How To Update Personal Information With Credit Bureaus


Updating your personal information with a credit bureau is a task many people put on the back burner. It may not feel like a priority or a big deal, and it’s often forgotten about or neglected. But having updated information with your creditors and the credit bureaus is an important step to your personal financial health. How do you update your personal information with credit bureaus? Read on to find out.

Updating personal information with credit bureaus

Keeping your information up to date is very important. In today’s fast-paced culture, it’s difficult to remember all of the bills and subscriptions you have. If your information is not correct, and if the billing company or subscription service ever needed to contact you, they may not be able to reach you if your information is outdated. If this causes you to miss a payment or have your account go into collections, your credit score would be negatively impacted. Having a high credit score doesn’t happen by accident, and if you’re trying to rebuild your credit score you certainly appreciate how much work it takes. Having your personal information correct is a great first step on your personal financial health journey.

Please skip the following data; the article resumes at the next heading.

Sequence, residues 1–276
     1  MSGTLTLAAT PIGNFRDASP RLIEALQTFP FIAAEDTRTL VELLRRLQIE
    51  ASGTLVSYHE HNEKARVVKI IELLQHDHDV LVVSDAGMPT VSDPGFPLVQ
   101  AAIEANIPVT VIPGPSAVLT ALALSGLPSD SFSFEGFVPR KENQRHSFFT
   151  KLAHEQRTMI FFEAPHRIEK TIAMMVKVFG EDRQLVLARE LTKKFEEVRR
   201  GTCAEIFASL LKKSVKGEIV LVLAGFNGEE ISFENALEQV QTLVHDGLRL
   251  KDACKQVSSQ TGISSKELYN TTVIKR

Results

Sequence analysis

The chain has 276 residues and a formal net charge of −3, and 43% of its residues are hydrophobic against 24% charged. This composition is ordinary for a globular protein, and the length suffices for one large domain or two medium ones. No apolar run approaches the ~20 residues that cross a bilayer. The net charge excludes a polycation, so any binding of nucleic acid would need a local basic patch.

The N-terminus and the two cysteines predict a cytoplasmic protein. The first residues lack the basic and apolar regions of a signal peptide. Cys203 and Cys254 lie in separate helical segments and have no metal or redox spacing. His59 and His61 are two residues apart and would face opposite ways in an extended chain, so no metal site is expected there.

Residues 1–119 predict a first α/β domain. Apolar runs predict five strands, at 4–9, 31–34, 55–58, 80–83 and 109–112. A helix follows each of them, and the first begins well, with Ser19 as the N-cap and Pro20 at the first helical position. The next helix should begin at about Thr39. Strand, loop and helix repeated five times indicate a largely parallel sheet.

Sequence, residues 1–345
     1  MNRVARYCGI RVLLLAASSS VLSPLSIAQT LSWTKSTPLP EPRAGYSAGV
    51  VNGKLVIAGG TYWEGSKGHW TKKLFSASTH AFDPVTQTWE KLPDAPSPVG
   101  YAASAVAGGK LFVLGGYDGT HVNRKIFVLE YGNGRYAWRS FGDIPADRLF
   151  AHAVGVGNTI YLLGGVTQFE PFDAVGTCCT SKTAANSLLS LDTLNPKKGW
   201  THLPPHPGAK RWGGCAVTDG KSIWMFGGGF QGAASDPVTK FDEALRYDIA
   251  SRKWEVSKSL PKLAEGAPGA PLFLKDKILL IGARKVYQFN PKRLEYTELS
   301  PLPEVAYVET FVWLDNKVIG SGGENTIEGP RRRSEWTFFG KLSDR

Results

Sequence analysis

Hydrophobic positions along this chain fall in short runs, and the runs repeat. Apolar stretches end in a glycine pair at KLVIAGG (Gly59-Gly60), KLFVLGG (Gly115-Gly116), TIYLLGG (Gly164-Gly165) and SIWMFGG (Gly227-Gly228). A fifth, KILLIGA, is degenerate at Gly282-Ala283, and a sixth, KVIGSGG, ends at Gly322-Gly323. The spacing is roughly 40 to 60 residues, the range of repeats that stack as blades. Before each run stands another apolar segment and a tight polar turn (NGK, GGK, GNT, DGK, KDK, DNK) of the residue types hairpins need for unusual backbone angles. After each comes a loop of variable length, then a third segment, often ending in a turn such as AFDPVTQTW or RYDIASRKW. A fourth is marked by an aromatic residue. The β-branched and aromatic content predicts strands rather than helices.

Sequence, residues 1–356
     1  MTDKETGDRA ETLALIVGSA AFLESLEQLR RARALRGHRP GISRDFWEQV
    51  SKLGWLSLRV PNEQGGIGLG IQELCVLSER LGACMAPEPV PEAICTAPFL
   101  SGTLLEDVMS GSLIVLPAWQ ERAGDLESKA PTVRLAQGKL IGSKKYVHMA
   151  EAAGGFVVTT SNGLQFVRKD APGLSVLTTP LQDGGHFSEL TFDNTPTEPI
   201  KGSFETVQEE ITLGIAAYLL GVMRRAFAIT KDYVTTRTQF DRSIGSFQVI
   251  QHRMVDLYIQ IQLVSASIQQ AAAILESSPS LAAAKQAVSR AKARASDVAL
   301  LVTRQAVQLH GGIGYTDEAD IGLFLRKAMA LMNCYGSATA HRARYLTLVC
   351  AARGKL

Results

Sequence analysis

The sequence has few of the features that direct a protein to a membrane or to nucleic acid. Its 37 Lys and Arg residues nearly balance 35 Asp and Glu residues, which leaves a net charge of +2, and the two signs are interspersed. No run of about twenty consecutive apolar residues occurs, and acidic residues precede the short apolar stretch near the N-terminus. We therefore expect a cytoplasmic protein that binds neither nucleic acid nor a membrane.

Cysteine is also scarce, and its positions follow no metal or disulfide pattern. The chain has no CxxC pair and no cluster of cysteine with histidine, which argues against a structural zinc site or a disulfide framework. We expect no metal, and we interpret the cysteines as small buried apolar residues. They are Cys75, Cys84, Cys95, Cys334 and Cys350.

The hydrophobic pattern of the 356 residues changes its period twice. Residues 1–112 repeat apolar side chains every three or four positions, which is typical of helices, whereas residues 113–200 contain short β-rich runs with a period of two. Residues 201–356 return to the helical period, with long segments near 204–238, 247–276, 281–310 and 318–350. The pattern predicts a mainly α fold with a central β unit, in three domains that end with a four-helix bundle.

Reasons to update your credit report

There are numerous reasons you may need to update your information with a credit bureau. Below are some of the most common: